Monday, July 20, 2015

Forex: Consolidation pattern example | Draghi calls for greater integration in the Euro zone – in London

This commentary is from the archive, as your commentator is on holiday. It was first published in July 2014

Last October we drew attention to a well-formed consolidation pattern in the USDJPY pair. Known as a pennant in Technical Analysis terms, this is traditionally a bullish formation. In other words when it plays out it is expected to lead to a rise in the rate, and on that occasion it did not disappoint.

Right now we are experiencing another consolidation phase. This time the configuration is more in the nature of a descending triangle which, according to the TA aficionados, is not at all as bullish as the pennant.

At bottom it will be necessary to also take cognisance of the fundamentals when considering the Yen. In the recent past it has been subject to so-called Abenomics, or the strong easing policies which were put in place on his assuming office by the Prime Minister, Shinzō_Abe. 

There are distinct signs that this phase is now waning, with some economic commentators in Japan itself going on record to the effect that the measures are not working.
Caution in terms of buying Dollar – Yen is indicated.

Draghi calls for greater integration in the Euro zone – in London

In a speech in London, of all places, yesterday, Mario Draghi made the case, on behalf of the ECB, for significantly greater integration in the economies of the countries that comprise the Eurozone. He made the point that if this were to happen, it would be easier for each member state, for example, to dispose of their sovereign bonds than is sometimes the case at present.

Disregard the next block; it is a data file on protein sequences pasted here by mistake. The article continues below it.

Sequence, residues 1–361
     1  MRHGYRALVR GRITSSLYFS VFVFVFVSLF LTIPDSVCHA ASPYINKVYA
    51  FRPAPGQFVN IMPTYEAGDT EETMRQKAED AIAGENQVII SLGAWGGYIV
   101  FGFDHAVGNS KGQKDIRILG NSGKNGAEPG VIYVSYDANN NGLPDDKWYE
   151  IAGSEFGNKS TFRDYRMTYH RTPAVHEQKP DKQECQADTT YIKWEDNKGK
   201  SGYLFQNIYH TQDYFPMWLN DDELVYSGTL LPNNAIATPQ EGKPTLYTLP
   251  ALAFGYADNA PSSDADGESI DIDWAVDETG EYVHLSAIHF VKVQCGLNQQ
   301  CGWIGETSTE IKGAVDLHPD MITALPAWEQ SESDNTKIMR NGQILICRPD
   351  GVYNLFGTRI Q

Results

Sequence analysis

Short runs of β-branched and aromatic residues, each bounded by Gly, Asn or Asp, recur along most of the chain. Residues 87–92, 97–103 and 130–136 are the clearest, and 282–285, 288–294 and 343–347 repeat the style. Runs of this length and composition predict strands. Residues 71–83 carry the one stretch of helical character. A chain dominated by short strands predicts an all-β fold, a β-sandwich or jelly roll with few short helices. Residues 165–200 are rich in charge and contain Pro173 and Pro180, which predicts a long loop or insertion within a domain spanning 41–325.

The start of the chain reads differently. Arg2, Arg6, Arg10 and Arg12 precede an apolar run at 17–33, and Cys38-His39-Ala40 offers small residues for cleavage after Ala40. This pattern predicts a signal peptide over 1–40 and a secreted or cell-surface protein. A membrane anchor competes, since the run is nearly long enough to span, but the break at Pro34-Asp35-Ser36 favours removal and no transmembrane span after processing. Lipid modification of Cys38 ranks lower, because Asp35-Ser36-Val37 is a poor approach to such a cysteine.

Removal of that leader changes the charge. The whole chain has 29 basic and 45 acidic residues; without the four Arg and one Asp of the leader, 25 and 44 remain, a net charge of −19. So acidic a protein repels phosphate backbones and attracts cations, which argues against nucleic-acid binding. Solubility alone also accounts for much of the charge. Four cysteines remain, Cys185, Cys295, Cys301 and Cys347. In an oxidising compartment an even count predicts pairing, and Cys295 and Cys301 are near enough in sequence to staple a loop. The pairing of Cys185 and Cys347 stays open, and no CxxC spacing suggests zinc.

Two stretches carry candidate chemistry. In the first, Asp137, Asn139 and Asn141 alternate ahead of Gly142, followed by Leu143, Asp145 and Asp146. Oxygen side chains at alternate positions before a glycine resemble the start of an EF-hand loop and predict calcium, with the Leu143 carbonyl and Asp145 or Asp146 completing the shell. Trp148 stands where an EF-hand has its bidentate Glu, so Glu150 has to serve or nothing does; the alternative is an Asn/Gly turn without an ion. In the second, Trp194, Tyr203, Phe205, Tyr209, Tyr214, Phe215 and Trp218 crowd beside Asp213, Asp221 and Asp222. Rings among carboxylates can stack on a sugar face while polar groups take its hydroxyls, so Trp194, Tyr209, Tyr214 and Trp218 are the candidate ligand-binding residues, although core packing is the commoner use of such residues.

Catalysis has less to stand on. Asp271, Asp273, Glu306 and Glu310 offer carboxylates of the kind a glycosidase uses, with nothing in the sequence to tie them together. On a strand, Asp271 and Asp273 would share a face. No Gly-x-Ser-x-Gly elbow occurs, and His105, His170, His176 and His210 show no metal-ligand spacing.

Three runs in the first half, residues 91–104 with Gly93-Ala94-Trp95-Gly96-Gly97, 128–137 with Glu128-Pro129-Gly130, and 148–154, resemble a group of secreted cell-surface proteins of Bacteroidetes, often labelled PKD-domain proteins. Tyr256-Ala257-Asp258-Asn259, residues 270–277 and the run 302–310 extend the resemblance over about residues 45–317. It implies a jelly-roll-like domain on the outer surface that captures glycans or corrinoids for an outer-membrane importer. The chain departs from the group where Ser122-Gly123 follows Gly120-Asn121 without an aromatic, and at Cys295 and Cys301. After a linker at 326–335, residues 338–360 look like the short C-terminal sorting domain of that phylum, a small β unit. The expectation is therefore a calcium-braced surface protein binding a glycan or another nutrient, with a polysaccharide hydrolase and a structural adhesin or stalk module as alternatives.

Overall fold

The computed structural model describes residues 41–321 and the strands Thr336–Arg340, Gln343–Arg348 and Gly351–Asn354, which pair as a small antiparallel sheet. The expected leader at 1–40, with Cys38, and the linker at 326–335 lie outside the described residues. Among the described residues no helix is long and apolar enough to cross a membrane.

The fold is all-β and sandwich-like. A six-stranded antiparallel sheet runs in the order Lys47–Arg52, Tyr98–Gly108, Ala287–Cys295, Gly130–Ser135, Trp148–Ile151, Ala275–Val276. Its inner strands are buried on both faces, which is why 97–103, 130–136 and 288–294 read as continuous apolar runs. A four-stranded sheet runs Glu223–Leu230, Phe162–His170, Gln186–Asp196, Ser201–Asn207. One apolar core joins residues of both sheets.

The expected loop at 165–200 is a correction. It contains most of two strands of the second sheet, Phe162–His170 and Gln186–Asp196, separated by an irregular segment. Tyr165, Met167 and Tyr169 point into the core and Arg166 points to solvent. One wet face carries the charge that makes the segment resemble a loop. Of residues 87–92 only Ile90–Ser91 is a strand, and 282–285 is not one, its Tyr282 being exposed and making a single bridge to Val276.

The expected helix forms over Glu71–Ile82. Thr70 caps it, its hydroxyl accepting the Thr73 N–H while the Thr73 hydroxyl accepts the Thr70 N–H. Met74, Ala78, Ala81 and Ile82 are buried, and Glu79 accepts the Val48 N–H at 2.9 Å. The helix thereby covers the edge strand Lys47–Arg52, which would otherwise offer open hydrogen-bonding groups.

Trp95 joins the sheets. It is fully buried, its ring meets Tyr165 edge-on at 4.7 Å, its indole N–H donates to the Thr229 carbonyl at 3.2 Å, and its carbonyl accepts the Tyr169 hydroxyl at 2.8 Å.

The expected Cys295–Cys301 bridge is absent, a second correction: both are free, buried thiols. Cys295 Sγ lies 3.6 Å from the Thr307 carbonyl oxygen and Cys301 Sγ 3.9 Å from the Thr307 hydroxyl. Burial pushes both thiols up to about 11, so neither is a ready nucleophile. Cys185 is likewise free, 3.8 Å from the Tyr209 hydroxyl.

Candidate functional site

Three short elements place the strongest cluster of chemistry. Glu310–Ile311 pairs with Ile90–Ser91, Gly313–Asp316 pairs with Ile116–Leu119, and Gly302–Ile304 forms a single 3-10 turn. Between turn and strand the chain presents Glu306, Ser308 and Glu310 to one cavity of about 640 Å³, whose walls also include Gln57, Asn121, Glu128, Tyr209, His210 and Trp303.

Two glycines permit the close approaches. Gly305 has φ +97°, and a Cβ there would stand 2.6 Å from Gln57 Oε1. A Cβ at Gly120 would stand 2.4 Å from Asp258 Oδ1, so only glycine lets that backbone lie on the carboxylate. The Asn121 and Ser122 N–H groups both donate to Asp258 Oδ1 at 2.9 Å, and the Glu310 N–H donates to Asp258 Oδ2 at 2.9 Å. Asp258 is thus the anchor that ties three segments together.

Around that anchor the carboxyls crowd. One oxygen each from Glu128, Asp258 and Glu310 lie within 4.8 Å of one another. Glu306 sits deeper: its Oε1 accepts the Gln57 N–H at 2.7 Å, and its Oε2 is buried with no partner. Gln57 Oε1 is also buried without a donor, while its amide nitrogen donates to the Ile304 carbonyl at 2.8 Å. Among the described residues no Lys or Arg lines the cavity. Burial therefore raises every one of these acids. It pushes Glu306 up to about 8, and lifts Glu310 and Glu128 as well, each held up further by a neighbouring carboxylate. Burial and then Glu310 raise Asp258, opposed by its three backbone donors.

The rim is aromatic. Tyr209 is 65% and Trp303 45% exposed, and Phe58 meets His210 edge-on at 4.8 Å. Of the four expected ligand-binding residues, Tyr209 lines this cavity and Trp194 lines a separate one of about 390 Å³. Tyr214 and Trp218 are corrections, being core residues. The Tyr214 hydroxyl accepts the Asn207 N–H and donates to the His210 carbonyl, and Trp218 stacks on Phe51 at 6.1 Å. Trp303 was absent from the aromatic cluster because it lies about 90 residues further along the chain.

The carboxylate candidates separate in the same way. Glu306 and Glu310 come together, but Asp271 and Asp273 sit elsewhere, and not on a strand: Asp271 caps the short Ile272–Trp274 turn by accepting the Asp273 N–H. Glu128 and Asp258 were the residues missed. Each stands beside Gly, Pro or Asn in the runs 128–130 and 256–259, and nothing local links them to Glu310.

According to the Dow Jones Newswire, Mr. Draghi noted that while the World Economic Forum ranks euro-zone member Finland third in the world in terms of competitiveness, Greece ranks No. 91. Similarly, he noted that the World Bank ranked Ireland 15th in the world for ease of doing business, while it ranks Malta at No. 103.

‘No firm or individual should be penalized by its country of residence,' he said. 'The persistence of such differences creates the risk of permanent imbalances. With this in mind, I believe that structural reforms in each country are enough of a common interest to justify that they are made subject to discipline at the community level.”

He went so far as to say that the absence of such structural reform has the potential to threaten the very existence of the Single Currency.

Also according to Dow Jones, earlier in the day, ECB Executive Board member Benoît Curé explained the proposals in terms of  'a convergence of economic policies and structures' that would be 'embedded in a binding European effort, based on benchmarks to be met by all euro-area member states.'

Choosing London as the launch pad for such a proposal is interesting in itself. Britain, of course, is not in the Eurozone, even if it is a member of the European Union (albeit not a particularly enthusiastic one). The Brits are dead against any kind of measures that would smack of leading to a federal political structure within the EU and this proposal, while ostensibly about economic and monetary matters, could not be implemented without ever closer political integration as well.

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